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Installing Python 3000

P: n/a
Sorry about the simple question ...

I'd like to install Python 3000 on my computers (Mac, and possibly
Windows), without messing up the existing versions. So far, I've
always relied on using ".msi" on Windows and ".dmg" on the Mac.

From the Python site, I read (different version, but still...):
----
Unpack the archive with tar -zxvf Python-2.4.4.tgz ... Change to the
Python-2.4.4 directory and run the "./configure", "make", "make
install" commands to compile and install Python.
----
The step that gets me worried is the "make install" one... I don't
want it to take over as default. I would like to be able to invoke it
by typing "python3k ..." from anywhere and have it work - while still
having "python" invoke the default 2.5 version.

André
Nov 26 '07 #1
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4 Replies


P: n/a
André wrote:
The step that gets me worried is the "make install" one... I don't want it
to take over as default. I would like to be able to invoke it by typing
"python3k ..." from anywhere and have it work - while still having
"python" invoke the default 2.5 version.
You want

make altinstall

Peter
Nov 26 '07 #2

P: n/a
I'd like to install Python 3000 on my computers (Mac, and possibly
Windows), without messing up the existing versions. So far, I've
always relied on using ".msi" on Windows and ".dmg" on the Mac.

From the Python site, I read (different version, but still...):
----
Unpack the archive with tar -zxvf Python-2.4.4.tgz ... Change to the
Python-2.4.4 directory and run the "./configure", "make", "make
install" commands to compile and install Python.
----
The step that gets me worried is the "make install" one... I don't
want it to take over as default. I would like to be able to invoke it
by typing "python3k ..." from anywhere and have it work - while still
having "python" invoke the default 2.5 version.
I recommend that you then do use the prebuilt binaries, at least
where available, i.e.

http://www.python.org/download/releases/3.0/

For OSX, I recommend to use a different --prefix for installing,
e.g. /usr/local/py3k. All files then go into that directory, and
nothing else lives in it. To invoke it, you give
/usr/local/py3k/bin/python; if you want to make a python3k link someone
in your path - that would be your choice.

HTH,
Martin
Nov 26 '07 #3

P: n/a
On Nov 26, 6:18 pm, "Martin v. Löwis" <mar...@v.loewis.dewrote:
I'd like to install Python 3000 on my computers (Mac, and possibly
Windows), without messing up the existing versions. So far, I've
always relied on using ".msi" on Windows and ".dmg" on the Mac.
From the Python site, I read (different version, but still...):
----
Unpack the archive with tar -zxvf Python-2.4.4.tgz ... Change to the
Python-2.4.4 directory and run the "./configure", "make", "make
install" commands to compile and install Python.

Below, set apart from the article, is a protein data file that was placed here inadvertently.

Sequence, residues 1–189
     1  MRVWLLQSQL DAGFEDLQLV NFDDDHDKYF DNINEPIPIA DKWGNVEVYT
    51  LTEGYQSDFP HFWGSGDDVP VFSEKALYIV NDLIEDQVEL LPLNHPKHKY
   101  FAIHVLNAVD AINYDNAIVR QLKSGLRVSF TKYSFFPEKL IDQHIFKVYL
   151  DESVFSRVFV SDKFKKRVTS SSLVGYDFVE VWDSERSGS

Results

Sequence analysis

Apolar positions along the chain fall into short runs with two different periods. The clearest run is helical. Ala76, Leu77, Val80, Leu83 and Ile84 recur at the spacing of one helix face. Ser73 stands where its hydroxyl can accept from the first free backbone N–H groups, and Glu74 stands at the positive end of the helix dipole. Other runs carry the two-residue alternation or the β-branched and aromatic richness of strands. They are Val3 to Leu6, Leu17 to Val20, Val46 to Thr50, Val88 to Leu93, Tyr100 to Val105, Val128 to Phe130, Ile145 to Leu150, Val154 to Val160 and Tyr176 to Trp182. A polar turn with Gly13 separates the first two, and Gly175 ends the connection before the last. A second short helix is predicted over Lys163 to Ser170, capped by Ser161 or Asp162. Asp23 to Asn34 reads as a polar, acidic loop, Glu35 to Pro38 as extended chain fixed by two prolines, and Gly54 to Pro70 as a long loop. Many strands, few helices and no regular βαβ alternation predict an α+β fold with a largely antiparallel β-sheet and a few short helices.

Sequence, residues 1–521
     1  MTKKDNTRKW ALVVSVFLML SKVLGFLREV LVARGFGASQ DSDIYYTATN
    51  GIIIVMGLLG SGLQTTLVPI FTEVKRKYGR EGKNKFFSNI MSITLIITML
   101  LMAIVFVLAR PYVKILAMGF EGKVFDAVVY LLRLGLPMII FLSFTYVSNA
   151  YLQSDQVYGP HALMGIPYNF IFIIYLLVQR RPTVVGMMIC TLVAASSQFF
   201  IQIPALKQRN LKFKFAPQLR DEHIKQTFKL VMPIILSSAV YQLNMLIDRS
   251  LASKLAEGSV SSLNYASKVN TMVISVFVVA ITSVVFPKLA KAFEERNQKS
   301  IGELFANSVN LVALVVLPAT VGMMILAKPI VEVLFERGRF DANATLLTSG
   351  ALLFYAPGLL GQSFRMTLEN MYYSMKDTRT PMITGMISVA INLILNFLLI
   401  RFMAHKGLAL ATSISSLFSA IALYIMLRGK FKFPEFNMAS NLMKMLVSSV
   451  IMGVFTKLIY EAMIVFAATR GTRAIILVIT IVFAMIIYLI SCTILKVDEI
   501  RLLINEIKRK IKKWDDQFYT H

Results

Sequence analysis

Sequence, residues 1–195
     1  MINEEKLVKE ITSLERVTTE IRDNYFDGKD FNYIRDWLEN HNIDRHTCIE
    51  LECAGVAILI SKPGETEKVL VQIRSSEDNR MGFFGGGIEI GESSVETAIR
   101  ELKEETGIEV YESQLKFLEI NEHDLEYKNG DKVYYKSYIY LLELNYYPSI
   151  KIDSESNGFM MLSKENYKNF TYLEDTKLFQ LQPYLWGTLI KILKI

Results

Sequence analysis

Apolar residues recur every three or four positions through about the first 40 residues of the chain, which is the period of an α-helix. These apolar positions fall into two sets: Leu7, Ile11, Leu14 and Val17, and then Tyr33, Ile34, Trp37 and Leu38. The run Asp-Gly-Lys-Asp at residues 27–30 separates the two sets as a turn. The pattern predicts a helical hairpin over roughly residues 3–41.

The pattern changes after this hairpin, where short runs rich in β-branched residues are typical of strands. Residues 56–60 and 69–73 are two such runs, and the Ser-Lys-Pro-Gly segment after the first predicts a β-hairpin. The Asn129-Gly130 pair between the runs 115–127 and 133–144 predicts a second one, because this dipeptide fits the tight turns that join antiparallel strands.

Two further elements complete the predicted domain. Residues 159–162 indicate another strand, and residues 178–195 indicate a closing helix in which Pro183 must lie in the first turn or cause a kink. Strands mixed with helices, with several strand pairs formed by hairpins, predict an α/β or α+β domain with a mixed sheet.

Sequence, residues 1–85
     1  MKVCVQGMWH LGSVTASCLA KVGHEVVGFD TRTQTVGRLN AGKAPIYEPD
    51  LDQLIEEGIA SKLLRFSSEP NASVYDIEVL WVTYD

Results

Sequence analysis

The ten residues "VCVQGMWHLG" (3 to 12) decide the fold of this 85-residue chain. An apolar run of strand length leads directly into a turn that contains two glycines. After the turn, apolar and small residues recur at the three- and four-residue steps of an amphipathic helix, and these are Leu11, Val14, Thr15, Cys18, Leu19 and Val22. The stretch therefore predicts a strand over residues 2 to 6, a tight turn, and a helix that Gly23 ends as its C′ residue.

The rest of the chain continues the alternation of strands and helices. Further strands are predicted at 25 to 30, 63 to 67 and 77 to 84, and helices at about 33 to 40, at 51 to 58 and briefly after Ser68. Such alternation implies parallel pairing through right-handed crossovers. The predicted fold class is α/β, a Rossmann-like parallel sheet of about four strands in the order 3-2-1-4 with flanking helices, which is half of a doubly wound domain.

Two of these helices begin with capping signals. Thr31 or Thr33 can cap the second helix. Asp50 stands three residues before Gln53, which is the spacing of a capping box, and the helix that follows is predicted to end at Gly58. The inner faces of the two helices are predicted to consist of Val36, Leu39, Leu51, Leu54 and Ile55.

----
The step that gets me worried is the "make install" one... I don't
want it to take over as default. I would like to be able to invoke it
by typing "python3k ..." from anywhere and have it work - while still
having "python" invoke the default 2.5 version.

I recommend that you then do use the prebuilt binaries, at least
where available, i.e.

http://www.python.org/download/releases/3.0/

For OSX, I recommend to use a different --prefix for installing,
e.g. /usr/local/py3k. All files then go into that directory, and
nothing else lives in it. To invoke it, you give
/usr/local/py3k/bin/python; if you want to make a python3k link someone
in your path - that would be your choice.
I tried this but, unfortunately, the "configure" command fails.
Here's what appears to be the relevant info from config.log:
=======================
configure: failed program was:
| /* confdefs.h. */
| #define _GNU_SOURCE 1
| #define _NETBSD_SOURCE 1
| #define __BSD_VISIBLE 1
| #define _BSD_SOURCE 1
| #define _BSD_TYPES 1
| /* end confdefs.h. */
|
| int
| main ()
| {
|
| ;
| return 0;
| }
configure:2647: error: C compiler cannot create executables
See `config.log' for more details.
============================
This is on a Macbook with Leopard installed.

I tried compiling a simple c program (hello world), something that I
have not done in *years* and it failed. It appears as though gcc has
a problem :-(

I can create an object file (via gcc -c hello.c) but not an
executable...

====
andre-roberges-computer:Downloads andre$ gcc -o hello hello.c
/usr/bin/ld: /usr/lib/gcc/i686-apple-darwin8/4.0.1/../../../
libSystem.dylib unknown flags (type) of section 6
(__TEXT,__dof_plockstat) in load command 0
collect2: ld returned 1 exit status
======
Any help would be appreciated!

André

HTH,
Martin
Nov 27 '07 #4

P: n/a
[huge snip]
============================
This is on a Macbook with Leopard installed.

I tried compiling a simple c program (hello world), something that I
have not done in *years* and it failed. It appears as though gcc has
a problem :-(

I can create an object file (via gcc -c hello.c) but not an
executable...
Never mind ... after searching on the Apple forums, I found out that I
needed to reinstall some developers tools from the Leopard dvd. I'll
post the result (success/failure) later...

André

Nov 27 '07 #5

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